Novadaq® Technologies Inc, developer of real-time imaging and image guidance systems
for use in the operating room, announces that plastic surgeons at Duke University Hospital
in Durham, North Carolina, are routinely using the SPY(R) Imaging System in plastic
reconstructive surgical procedures.
L. Scott Levin, MD, and Michael R. Zenn, MD, have been using the system since the end of 2007. They have completed 50 SPY procedures during a variety of muscle, bone, and free tissue or "perforator flap" plastic reconstructive surgeries for the treatment of
traumatic injuries, congenital deformities, and various cancers.
Use of a patient’s own tissue to create a new body part is rapidly gaining popularity.
In these surgeries, tiny vessels called perforators provide the blood supply to a
tissue "flap" known as a "perforator" flap. These flaps can be transferred from
numerous donor sites to almost any other part of the body. During the procedure, these
microscopic sized vessels are co-joined to recipient vessels to supply blood to the
reconstructed tissue. Locating the most appropriate perforator vessel is critical to
achieving successful outcomes, but is often a lengthy process for the surgeon and OR
In the past, surgeons have used doppler ultra-sound and most recently
computer tomography (CT) scanning to assist the identification process.
However, since perforator vessels are so small, doppler ultra-sound has often
been ineffective and CT cannot be performed in the operating room. The SPY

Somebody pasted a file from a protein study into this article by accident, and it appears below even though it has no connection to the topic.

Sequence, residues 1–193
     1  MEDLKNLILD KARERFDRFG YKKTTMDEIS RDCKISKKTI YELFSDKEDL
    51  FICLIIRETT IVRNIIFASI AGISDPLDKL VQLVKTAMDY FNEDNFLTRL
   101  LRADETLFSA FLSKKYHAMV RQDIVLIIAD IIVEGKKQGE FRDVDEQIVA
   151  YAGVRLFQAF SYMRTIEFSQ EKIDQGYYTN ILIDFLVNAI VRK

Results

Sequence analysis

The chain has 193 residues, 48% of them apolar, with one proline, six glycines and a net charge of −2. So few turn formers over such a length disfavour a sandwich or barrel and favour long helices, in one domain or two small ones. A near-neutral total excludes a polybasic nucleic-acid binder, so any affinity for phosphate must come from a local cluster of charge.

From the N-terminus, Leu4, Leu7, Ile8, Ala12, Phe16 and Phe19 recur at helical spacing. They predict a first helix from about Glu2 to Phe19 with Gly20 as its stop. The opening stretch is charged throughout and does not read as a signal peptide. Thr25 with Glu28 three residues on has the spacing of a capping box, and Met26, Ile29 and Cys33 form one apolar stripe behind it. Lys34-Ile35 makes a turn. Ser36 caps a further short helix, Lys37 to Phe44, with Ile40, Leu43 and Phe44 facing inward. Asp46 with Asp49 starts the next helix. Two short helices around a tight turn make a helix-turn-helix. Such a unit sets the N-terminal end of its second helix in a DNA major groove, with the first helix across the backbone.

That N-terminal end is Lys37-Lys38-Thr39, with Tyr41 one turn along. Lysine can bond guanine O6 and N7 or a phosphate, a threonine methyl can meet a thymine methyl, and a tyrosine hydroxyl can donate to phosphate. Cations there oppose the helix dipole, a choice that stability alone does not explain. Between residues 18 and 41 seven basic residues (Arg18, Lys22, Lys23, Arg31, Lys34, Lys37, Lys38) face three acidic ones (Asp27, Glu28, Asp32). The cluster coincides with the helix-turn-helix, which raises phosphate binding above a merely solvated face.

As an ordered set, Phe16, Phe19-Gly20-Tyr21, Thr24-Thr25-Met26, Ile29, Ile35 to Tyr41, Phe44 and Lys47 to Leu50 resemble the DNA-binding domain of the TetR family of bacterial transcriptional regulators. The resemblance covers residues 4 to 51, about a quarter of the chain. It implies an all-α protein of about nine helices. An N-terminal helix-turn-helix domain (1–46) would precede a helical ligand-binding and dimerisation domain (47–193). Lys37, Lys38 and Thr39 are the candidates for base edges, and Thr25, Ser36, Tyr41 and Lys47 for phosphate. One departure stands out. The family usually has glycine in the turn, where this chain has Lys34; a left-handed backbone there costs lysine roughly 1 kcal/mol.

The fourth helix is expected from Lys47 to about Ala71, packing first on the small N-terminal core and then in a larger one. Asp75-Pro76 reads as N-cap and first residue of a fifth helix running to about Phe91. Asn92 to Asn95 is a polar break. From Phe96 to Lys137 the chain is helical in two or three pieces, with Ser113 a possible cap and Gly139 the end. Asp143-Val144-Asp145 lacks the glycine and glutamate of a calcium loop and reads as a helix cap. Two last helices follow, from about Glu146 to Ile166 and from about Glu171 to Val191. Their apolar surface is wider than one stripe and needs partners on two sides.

System is the only fluorescent imaging system that allows plastic surgeons to
visually assess blood flow in co-joined vessels, micro-vasculature, and related
tissue perfusion in real-time.
Levin and Zenn were the first to use SPY to intra-operatively locate
and assess the quality of perforator vessels. They are in the process of completing
an independent clinical study using SPY to identify perforator vessels prior to flap
harvest and are comparing SPY intra-operative imaging to pre-operative CT. They
intend to submit the results of their study to a peer reviewed scientific journal
in the near future.
"Our initial experience indicates that SPY has great potential to improve
the technical performance and results of perforator flap reconstructive
surgery," says Levin. "If, as we believe today, the results of our study find SPY to
be equally as effective in identifying perforator vessels in the OR as pre-op CT,
there is no doubt that the clinical benefits and cost savings will lead toward
establishing SPY as a standard of care in our specialty."
[Novadaq Technologies, May 8, 2008]